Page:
Last week, GlaxoSmithKline (NYSE:GSK) announced that it was on recalling its over-the-counter obesity drug, Alli, in the U.S. and Puerto Rico because it appears that some packages were tampered with. The drug remains on the shelf in Europe, where there doesn't seem to be a problem.

In the following video, Fool contributor Brian Orelli and health-care bureau chief Max Macaluso discuss how the issue is reminiscent of Johnson & Johnson's (NYSE:JNJ) troubles with Tylenol tampering in the mid-1980s, although GlaxoSmithKline seems to be in much better shape: No one has been hurt from the tampering, and Alli isn't nearly as big of a product as Tylenol was.

Depending on how long the drug remains off the market, the removal of Alli could be a boon to the new prescription obesity drugs Arena Pharmaceuticals' (NASDAQ:ARNA) Belviq and VIVUS' (NASDAQ:VVUS) Qsymia. While the drugs provide more weight loss than Alli, the biotechs will only be able to gain sales if patients are willing to go to their doctor to get a prescription. The prescription drugs may also be more expensive than Alli, especially since the Belviq and Qsymia still aren't covered by many insurance plans.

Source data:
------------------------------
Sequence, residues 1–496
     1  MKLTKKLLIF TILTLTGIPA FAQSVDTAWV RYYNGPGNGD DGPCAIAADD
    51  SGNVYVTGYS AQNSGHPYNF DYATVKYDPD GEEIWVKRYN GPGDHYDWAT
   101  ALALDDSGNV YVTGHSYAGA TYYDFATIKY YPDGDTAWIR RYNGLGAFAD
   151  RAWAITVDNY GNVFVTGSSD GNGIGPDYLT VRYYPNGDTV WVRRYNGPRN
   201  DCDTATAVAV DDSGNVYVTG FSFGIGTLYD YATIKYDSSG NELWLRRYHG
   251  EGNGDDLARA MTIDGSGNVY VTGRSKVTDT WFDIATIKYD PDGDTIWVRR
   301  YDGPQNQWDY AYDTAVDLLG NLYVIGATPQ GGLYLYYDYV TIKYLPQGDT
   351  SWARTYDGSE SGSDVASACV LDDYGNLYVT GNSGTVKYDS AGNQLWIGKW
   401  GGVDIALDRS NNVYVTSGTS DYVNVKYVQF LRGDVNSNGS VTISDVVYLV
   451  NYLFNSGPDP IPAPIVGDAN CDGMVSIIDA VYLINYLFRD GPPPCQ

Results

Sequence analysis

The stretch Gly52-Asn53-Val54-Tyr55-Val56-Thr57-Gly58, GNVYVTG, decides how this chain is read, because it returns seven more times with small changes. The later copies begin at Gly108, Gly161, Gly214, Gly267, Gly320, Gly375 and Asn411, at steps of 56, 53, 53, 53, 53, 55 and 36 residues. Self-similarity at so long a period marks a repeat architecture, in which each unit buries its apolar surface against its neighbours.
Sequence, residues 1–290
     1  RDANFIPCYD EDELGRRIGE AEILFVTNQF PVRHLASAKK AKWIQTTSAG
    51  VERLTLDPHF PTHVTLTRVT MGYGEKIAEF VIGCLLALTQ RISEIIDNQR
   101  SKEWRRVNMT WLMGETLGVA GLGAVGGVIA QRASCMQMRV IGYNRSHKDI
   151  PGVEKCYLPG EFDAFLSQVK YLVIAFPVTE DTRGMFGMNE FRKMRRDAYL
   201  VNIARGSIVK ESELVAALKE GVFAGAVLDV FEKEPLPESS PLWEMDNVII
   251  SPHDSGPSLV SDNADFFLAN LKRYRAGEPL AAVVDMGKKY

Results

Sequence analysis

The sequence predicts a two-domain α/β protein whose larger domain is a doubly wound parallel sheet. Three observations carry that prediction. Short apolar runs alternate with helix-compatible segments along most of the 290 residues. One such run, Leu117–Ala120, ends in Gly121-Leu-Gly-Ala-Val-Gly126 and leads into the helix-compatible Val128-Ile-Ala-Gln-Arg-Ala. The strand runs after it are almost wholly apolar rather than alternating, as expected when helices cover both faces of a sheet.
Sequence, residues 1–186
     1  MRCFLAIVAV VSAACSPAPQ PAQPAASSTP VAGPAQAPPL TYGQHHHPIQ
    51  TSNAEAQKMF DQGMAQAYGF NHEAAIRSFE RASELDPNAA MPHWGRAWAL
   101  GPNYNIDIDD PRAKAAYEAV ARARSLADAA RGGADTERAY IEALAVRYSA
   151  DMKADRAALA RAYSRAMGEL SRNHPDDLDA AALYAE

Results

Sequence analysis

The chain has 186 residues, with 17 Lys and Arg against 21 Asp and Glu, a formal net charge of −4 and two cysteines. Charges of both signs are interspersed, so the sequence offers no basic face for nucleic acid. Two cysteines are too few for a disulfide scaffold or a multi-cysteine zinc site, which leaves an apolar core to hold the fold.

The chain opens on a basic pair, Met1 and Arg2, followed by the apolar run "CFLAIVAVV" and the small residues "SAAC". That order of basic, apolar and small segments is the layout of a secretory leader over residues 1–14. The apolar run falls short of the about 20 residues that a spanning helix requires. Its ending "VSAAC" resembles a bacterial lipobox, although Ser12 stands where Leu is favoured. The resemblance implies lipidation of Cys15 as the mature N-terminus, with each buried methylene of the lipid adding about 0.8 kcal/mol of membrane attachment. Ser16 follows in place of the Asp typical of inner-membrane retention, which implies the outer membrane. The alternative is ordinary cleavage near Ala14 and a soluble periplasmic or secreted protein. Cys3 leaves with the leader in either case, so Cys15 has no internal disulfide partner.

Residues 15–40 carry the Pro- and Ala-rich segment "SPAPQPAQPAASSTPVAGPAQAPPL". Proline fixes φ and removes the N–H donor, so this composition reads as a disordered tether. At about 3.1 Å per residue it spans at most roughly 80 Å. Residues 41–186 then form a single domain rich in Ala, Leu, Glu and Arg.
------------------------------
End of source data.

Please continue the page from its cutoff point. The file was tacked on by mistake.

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Brian Orelli and Max Macaluso have no position in any stocks mentioned. The Motley Fool recommends and owns shares of Johnson & Johnson. Try any of our Foolish newsletter services free for 30 days. We Fools don't all hold the same opinions, but we all believe that considering a diverse range of insights makes us better investors. The Motley Fool has a disclosure policy.

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